To me as a programmer, to write mathematical proofs that are mechanically checked by a computer feels empowering. To have these proofs as executable programs feels even more empowering. Therefore, our proofs have a computational aspect and vice-versa: our programs have a logical aspect. To be able to get an instant feedback while proving a theorem is amazing. With Agda, a dependently typed functional programming language, one can interactively write a proof by getting guidance from Agda as to what is left to prove. Furthermore, Agda checks the correctness of proofs by following a set of rules. Unlike with pen and paper proofs, proofs in Agda are much more rigorous because there is no room for hand-waving nor unwarranted claims for something to be trivial. An uninformed mathematician will likely find this comparison to Agda hard to believe.

A few years ago when I got interested in type theory, I had an ongoing conversation with a friend of mine that was interested in the topic too. We talked a lot about programming languages and type theory. One interesting thing that I realized at the time was that the product of the unit type and a type A is in a way equivalent to that same type A. To be more precise, it is isomorphic. Isomorphism is an equivalence relation, hence it is reflexive, symmetric and transitive. In the conversation the two of us had, I kept on insisting on this equivalence without being explicit that I meant isomorphism and at first he didn’t understand how these two could possibly be the same.

Now that I’ve been working through a book titled Programming Language Foundations in Agda by Wadler and Kokke, I am happy there is a succinct way not only to express this isomorphism in Agda, but to prove it. That unit is the left identity to product up to isomorphism can be named ⊤-identityˡ and expressed as follows (as given in the book):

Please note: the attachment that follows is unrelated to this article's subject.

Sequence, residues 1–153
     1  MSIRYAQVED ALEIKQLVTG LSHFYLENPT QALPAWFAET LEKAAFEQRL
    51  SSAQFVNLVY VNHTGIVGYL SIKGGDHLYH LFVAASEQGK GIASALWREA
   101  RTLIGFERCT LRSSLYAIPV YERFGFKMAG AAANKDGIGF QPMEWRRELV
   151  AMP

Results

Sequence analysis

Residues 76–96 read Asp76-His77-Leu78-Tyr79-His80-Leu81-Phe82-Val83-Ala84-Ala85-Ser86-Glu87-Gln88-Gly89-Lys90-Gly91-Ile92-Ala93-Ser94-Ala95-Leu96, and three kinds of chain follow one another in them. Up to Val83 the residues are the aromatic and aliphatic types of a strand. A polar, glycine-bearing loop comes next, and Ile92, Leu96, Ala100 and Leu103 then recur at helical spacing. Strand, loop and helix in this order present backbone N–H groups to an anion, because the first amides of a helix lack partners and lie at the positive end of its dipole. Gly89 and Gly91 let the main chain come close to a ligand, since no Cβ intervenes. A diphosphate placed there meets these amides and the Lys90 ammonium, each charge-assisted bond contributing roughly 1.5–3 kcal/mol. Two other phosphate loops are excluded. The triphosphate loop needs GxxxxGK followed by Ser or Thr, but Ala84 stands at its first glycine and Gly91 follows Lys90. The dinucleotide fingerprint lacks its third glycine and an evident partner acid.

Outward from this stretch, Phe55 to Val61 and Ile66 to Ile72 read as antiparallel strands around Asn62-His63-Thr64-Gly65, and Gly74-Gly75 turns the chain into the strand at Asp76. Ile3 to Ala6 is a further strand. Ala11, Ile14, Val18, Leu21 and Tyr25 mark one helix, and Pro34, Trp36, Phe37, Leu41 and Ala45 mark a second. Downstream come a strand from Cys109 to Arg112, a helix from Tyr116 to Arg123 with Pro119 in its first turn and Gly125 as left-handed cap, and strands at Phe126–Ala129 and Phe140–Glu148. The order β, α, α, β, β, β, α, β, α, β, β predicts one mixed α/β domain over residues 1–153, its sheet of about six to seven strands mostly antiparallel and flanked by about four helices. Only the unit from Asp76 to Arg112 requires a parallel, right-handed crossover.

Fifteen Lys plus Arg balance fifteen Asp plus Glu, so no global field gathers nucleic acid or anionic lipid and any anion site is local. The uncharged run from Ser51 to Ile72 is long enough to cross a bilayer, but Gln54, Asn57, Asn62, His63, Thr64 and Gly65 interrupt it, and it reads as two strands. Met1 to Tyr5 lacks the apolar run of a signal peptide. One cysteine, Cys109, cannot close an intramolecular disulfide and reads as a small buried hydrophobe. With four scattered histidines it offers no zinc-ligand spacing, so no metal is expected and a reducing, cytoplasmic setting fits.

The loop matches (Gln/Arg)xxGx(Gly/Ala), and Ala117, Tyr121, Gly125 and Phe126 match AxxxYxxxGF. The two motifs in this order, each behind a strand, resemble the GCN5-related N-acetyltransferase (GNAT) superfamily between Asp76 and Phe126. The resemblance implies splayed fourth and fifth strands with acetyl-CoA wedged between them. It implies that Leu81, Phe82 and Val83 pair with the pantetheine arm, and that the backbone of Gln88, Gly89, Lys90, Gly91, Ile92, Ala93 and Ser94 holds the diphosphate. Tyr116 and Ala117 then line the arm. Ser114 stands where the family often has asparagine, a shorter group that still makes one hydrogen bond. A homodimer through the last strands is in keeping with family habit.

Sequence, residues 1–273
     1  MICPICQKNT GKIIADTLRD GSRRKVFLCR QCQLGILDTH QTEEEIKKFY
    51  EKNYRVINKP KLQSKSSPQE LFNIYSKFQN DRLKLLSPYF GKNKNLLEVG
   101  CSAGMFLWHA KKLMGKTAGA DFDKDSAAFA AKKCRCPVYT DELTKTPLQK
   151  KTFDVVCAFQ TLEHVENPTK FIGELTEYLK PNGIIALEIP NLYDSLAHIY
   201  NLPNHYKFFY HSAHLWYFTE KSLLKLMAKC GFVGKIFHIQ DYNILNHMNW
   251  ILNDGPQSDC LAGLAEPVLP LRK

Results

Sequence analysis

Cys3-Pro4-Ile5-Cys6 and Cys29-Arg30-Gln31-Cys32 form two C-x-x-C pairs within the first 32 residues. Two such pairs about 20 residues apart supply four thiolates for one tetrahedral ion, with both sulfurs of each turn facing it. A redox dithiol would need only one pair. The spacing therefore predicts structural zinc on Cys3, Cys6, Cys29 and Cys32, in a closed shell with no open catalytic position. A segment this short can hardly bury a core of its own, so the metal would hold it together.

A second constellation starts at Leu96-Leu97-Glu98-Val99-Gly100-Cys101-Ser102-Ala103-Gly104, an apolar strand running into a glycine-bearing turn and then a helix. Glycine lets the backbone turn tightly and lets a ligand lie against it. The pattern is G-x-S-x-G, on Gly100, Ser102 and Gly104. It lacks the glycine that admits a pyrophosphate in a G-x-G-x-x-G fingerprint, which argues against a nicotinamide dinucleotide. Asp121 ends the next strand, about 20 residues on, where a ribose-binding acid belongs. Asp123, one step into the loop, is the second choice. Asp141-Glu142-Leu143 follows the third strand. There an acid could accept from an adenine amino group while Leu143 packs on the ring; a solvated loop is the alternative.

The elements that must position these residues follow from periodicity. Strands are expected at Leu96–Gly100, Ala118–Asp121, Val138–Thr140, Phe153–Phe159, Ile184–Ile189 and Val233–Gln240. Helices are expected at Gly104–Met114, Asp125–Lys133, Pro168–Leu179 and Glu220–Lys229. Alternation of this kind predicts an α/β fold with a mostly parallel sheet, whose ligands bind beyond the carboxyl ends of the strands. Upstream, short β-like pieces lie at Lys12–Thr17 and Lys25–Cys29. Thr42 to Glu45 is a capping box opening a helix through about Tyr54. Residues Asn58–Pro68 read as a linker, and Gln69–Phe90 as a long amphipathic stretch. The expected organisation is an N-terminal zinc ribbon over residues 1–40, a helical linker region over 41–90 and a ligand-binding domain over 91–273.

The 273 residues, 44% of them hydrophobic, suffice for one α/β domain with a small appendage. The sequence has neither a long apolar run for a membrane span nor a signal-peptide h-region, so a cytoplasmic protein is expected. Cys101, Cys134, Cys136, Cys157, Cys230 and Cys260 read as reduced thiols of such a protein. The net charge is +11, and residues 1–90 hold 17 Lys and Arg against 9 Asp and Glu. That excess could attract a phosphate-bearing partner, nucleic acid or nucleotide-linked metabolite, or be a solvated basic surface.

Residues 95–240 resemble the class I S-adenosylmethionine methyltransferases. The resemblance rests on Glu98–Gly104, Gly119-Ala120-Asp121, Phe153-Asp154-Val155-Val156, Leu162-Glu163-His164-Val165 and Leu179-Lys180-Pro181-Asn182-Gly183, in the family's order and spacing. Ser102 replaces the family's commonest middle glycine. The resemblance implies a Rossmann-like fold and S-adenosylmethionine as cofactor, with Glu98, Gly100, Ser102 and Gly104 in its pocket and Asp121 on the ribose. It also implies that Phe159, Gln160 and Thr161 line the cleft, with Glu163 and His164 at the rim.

import Relation.Binary.PropositionalEquality as Eq open Eq using (_≡_; refl) open import Data.Product using (_×_) renaming (_,_ to ⟨_,_⟩) open import Data.Unit using (⊤; tt) infix 0 _≃_ record _≃_ (A B : Set) : Set where field to : A → B from : B → A from∘to : ∀ (x : A) → from (to x) ≡ x to∘from : ∀ (y : B) → to (from y) ≡ y open _≃_ ⊤-identityˡ : ∀ {A : Set} → ⊤ × A ≃ A ⊤-identityˡ = record { to = λ{ ⟨ tt , x ⟩ → x } ; from = λ{ x → ⟨ tt , x ⟩ } ; from∘to = λ{ ⟨ tt , x ⟩ → refl } ; to∘from = λ{ x → refl } }

I kept the definition of isomorphism from the book, although Agda’s standard library defines it too, where it is known as _↔_; the rest are imported from the standard library.

The right identity can be proved in a similar matter, but as pointed out in the book, it can also be proved via the left identity and commutativity of product up to isomorphism:

⊤-identityʳ : ∀ {A : Set} → (A × ⊤) ≃ A ⊤-identityʳ {A} = ≃-begin (A × ⊤) ≃⟨ ×-comm ⟩ (⊤ × A) ≃⟨ ⊤-identityˡ ⟩ A ≃-∎

The ×-comm theorem is formally stated as:

×-comm : ∀ {A B : Set} → A × B ≃ B × A

Its proof and remaining definitions, theorems and proofs are given at the end of this article for completeness.

A weak form of isomorphism is embedding, a relation that is reflexive, transitive and antisymmetric. The Programming Language Foundations in Agda book describes embedding this way: “While an isomorphism shows that two types are in one-to-one correspondence, an embedding shows that the first type is included in the second; or, equivalently, that there is a many-to-one correspondence between the second type and the first.”

This is how embedding is formally defined in the book:

infix 0 _≲_ record _≲_ (A B : Set) : Set where field to : A → B from : B → A from∘to : ∀ (x : A) → from (to x) ≡ x